However, no one enters marriage thinking they will be on the losing end. Every marriage begins with hope and trust. I still believe that. And I respect those who work at it every day.

If you are lucky enough to find someone special and are considering marriage, take a few minutes to quiet your racing heart and ask yourself some (or all) of the questions below. Being honest with yourself from the beginning could help your relationship down the road.

You might even check out these questions if you’ve been married a while. Not all the questions will pertain to your situation but pay attention to the ones that make your gut say: “Uh-oh.”

  • Does he/she get along with your friends? Do your friends like him/her?
  • Does he/she have friends? Have you met them and do you like them?
  • Does he/she get along with your family?
  • Do you like his family – and do they like you?
  • Why does he/she want to marry you?
  • Why do you want to marry him/her?
  • Are you marrying this person for any reason other than love?
  • Where will you live after you marry?
  • How will a move affect his/her or your relationships with friends and family?
  • What do you like most about his/her personality?
  • What do you like least about his/her personality?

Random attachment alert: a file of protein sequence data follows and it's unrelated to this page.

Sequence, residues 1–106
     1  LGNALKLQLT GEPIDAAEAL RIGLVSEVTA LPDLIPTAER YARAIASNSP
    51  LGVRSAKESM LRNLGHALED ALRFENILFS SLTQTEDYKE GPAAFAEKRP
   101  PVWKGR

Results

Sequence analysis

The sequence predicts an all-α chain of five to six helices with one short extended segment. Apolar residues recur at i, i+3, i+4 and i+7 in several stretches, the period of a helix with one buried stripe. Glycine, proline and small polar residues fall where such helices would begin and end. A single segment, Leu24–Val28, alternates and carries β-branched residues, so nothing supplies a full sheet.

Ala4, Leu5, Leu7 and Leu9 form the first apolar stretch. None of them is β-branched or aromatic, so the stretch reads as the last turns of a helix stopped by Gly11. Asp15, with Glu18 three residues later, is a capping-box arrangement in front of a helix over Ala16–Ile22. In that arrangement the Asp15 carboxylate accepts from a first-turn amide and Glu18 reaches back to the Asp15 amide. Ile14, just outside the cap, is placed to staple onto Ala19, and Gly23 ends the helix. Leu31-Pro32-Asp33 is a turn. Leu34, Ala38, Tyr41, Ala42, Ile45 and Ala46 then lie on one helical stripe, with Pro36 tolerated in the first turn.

• Are you similar or very different from each other – and how does this affect your relationship?
  • Do you do anything to change your personality to make him/her happy?
  • Is she/he employed? Are you proud of the work he/she does? Do you have any concerns?
  • Are you employed? Is he/she proud of the work you do? Does he/she express concerns?
  • Do you have any concerns with how he/she spends (or doesn’t spend) money?
  • How important is the topic of money in your relationship?
  • How did your family handle the finances when you were growing up? How did his/hers? How will you handle the finances in your own marriage?
  • Do you plan to have children? Does he/she? What are your concerns?
  • What do you know about his/her childhood? What does he/she know about yours? Do you have any concerns?
  • How were you disciplined as a child? How was he/she?
  • When you disagree, what areas of your lives cause the most friction? Why?
  • What’s your passion? What’s his/hers?
  • What pushes your buttons? What pushes his/hers?
  • How do your religious, political, cultural, educational views align or vary?
  • Is there anything in your past that you think he/she should know before you marry? Have you asked him/her the same question?
  • Does he/she enjoy doing activities with you? What do you like doing together? What do you like doing by yourself?
  • Does he/she make you laugh? Does he/she laugh with you?
  • Are you happiest when you are with him/her?

There are a thousand other questions to ask. This is a good place to start. I keep adding to the list.

Do you have any suggestions?

Be kind. Do no harm.